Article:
Rachael Stirling starts Plenty at Chichester Festival Theatre with a considerable advantage.
“I find that I totally understand why Susan Traherne does what she does. I don’t find it extraordinary at all. To me, she is utterly rational… and maybe that’s a good sign!”
In the piece, which runs on the main-house stage from June 7-29, Traherne is a former secret agent. Her heroic work with the Special Operations Executive in Nazi-occupied France brought her extremes of danger as well as adventures and romance.
20 years on she is living a very different existence in London as the wealthy wife of a diplomat. Her strained marriage and altered circumstances have threatened her identity and she finds herself trapped in a destructive nostalgia for her wartime idealism…
“She experienced SOE and she was incredibly good at being undercover in France from the age of 17 to 19, false name, false identity, able to carry messages past the Gestapo, but also able to carry codes and arms and petrol. She was very successful as a spy for two years, using her brain and her body and her language ability. She felt totally fulfilled as a person in this role.”
But in post-war England, there is just no place for these skills and these talents: “In fact her brain and her bombast are seen as being in the way. She is told to get back in her place and is considered vaguely inappropriate. But she rails against that. She is a rebel. All these women who fought as she did had faith in the fact that everybody should have the right to live in a state of freedom from tyranny, and she has kept that belief.”
But in the post-war world, she finds herself up against a different kind of tyranny: “She tries to find her place in the world. She takes various jobs. She tries anything and everything, but she knows she doesn’t quite fit. She is just too big for it. And she also has this idealised romance from the war that is imprisoning her.”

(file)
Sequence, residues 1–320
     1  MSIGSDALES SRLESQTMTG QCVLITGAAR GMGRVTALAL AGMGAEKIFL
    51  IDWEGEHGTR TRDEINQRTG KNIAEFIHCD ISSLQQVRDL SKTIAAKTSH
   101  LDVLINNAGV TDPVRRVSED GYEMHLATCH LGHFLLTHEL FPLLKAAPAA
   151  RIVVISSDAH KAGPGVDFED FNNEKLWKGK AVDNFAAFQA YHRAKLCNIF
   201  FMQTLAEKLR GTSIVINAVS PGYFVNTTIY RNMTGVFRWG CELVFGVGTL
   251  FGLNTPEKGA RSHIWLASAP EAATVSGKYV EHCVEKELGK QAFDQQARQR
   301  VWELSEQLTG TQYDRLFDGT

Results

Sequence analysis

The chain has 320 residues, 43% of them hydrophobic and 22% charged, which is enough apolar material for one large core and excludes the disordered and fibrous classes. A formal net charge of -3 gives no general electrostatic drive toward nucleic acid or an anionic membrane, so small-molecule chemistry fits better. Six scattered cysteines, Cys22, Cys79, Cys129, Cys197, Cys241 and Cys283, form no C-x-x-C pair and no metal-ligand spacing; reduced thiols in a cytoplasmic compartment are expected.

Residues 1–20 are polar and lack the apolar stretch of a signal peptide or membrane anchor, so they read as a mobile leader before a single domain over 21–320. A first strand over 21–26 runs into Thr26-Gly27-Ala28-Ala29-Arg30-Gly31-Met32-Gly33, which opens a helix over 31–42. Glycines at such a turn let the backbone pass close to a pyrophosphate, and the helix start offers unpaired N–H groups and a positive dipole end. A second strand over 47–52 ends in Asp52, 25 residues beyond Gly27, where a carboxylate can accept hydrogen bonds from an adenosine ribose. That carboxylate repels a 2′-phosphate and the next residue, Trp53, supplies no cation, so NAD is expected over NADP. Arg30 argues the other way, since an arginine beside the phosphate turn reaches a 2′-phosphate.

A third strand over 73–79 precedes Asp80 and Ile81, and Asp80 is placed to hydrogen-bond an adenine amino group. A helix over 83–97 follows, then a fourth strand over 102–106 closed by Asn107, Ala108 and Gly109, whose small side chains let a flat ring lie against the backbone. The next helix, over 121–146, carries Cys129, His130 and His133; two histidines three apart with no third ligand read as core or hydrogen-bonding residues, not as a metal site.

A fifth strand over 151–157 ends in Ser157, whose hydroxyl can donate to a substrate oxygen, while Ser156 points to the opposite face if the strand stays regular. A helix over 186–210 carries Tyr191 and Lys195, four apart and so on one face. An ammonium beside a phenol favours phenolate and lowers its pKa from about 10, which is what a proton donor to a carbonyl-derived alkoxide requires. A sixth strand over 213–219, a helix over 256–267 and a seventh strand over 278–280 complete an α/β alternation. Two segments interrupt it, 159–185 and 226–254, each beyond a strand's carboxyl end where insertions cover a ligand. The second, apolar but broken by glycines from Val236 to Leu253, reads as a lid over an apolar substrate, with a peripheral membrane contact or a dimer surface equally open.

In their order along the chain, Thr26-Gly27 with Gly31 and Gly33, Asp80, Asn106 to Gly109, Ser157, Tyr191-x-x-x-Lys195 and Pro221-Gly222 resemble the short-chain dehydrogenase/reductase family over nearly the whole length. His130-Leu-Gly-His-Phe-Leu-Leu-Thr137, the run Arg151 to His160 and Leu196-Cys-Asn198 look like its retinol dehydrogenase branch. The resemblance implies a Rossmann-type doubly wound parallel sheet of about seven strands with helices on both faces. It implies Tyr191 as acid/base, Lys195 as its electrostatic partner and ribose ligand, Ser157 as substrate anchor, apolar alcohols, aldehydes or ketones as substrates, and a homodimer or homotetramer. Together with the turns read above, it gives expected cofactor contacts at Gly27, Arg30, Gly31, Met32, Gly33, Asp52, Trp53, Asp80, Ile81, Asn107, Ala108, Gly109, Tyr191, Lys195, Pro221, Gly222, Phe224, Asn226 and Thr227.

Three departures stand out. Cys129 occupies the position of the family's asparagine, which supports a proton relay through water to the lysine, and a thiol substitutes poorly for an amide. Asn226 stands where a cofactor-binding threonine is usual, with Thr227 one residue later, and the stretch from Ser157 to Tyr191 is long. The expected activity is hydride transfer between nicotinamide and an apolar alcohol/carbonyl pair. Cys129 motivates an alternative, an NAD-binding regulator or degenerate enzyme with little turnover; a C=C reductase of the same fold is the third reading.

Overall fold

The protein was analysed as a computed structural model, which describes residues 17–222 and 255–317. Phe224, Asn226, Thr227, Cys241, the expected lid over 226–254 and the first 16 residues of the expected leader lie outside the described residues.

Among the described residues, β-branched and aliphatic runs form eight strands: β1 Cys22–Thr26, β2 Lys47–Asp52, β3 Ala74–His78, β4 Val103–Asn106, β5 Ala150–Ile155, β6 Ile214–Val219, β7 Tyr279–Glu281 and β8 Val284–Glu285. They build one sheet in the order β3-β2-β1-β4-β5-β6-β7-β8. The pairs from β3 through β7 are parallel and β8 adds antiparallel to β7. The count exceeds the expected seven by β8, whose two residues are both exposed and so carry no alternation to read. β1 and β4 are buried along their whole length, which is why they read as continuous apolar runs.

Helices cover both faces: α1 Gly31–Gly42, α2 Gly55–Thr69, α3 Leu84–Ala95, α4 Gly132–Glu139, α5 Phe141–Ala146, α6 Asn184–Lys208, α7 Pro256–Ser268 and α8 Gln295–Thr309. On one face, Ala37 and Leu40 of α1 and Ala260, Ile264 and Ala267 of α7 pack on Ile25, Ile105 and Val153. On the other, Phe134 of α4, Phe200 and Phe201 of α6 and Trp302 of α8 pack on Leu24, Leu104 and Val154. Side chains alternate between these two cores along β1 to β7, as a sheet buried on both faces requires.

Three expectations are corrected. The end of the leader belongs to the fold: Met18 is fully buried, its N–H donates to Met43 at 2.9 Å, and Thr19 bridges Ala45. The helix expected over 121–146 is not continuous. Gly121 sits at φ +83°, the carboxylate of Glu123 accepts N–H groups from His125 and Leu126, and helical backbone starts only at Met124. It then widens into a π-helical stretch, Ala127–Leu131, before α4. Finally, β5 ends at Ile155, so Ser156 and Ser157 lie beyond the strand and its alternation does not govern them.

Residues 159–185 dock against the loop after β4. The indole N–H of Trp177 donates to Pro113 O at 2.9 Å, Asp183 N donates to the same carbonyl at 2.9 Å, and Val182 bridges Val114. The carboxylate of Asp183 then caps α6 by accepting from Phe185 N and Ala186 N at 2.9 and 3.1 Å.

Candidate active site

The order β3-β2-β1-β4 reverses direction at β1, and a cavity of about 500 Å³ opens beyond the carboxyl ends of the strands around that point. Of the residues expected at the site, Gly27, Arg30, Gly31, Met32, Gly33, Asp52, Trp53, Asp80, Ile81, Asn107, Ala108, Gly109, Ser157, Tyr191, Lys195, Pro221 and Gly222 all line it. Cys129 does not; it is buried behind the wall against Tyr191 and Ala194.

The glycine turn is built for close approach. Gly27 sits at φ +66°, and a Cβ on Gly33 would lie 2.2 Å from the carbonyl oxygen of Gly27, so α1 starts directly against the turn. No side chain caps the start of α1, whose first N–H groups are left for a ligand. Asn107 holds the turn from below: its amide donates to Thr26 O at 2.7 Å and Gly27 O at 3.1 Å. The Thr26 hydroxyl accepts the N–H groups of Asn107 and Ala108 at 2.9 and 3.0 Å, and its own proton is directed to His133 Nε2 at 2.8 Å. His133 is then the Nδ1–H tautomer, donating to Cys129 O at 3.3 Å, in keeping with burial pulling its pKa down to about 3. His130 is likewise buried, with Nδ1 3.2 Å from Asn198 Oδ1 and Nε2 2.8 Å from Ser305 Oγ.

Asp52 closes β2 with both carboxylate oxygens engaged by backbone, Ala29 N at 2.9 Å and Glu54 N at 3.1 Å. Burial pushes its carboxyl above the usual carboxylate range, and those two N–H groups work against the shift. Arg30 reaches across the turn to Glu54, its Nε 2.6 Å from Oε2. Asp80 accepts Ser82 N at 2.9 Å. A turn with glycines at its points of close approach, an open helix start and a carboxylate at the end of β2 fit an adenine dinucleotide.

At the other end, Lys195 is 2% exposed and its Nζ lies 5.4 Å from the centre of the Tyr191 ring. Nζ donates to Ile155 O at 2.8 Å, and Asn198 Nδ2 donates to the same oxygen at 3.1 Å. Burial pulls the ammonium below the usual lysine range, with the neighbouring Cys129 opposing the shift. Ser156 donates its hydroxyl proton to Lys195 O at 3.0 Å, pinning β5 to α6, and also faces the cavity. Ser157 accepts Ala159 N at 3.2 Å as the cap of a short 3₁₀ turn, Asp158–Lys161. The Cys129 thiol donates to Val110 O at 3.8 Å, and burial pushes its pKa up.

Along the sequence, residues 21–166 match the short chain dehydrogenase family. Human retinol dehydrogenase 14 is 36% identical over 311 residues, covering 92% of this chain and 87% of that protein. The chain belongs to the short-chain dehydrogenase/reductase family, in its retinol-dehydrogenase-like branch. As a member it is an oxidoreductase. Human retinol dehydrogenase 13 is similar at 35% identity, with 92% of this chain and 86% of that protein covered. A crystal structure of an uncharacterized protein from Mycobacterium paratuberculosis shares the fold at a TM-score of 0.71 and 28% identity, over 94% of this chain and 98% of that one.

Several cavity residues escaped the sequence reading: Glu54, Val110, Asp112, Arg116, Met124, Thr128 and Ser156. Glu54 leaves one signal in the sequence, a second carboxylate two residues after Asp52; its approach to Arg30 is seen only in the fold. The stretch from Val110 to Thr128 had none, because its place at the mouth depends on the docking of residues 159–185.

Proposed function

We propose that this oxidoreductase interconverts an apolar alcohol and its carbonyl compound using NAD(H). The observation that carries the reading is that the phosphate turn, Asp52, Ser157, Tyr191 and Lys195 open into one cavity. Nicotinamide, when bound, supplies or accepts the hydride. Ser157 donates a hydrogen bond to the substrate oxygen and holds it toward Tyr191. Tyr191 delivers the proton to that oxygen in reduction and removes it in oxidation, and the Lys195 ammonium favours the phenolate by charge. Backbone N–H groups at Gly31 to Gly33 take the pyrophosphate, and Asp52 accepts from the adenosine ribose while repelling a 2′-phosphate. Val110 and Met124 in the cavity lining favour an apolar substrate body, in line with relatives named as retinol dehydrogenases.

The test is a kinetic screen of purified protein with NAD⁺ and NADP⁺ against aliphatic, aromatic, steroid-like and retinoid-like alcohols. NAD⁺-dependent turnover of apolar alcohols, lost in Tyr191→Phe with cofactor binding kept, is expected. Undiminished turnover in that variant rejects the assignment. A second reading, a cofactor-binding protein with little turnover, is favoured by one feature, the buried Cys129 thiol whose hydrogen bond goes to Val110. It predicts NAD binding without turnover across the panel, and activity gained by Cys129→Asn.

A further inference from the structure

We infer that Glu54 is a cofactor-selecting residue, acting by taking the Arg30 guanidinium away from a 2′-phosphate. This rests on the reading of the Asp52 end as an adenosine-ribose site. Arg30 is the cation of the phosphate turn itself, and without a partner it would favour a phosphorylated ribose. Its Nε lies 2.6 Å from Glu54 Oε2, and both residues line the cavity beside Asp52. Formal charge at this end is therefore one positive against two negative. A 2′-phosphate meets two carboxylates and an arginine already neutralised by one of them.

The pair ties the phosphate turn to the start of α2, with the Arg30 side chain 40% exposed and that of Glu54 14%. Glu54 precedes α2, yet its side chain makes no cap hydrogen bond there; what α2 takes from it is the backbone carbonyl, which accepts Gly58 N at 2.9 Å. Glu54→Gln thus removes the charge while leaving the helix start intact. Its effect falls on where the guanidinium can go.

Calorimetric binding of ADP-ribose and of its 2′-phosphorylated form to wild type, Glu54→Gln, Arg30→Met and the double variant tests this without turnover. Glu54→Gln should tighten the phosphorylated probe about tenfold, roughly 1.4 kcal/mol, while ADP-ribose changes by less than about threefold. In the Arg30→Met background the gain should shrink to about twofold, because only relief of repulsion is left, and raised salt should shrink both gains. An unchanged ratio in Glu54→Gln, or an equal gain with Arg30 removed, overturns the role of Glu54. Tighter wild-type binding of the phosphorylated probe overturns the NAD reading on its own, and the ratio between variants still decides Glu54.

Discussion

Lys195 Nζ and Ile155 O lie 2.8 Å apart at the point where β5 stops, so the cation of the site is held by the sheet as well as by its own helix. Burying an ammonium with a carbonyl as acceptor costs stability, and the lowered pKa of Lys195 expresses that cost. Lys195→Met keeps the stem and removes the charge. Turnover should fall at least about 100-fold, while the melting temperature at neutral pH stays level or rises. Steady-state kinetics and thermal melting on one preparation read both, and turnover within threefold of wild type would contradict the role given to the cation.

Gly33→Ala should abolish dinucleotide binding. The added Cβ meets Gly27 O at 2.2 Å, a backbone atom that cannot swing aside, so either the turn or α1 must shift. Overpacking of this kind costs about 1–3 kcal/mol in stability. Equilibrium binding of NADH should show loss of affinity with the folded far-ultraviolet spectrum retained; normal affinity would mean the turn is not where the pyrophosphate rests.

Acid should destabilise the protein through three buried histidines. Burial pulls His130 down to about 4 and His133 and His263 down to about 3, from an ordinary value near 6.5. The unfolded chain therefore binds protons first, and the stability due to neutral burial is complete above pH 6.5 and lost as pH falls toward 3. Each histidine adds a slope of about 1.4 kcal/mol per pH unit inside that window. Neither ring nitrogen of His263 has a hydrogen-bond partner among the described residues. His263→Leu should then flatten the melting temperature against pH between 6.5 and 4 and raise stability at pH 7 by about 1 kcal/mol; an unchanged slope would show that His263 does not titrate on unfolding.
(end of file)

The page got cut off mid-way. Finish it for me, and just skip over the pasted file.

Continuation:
Plenty of people will know Plenty from the 1985 film starring Meryl Streep.
But playwright David Hare, who also wrote the screenplay just as he wrote the play, cautioned Rachael against watching the movie as she prepared to take on the Streep role on stage.
“He said don’t see the film. It is not the play, and they are two quite different beasts.”
Plus there was simply no need to watch it, to step outside the text.
“It is all in the writing. I am very much for gilding the lily and then you realise that with somebody as brilliant as David, you just don’t need to. It is all in the writing. You just don’t need to be adding bells and whistles.”
As Rachael says, the play was famously met with froideur on its premiere – a reaction to its portrayal of a woman who rebels. But that’s not to say it is a feminist play, Rachael says: “I wouldn’t slap that on it. That would make it far too narrow.
“David’s ‘feminism’ in the play isn’t about beating men. He is very balanced in that although we cheer for this independent spirit, who happens to be a woman, we also see the fall-out of her self-determination which is to the detriment of everyone around her.
“I suppose what he is really asking is, is it better to live life as we wish to, however that may affect the people around us, or to acquiesce to society and live within its expectations.
“He doesn’t answer that question for us. Susan is by no means the victor. But she is the conduit through whom we ask ourselves the question.”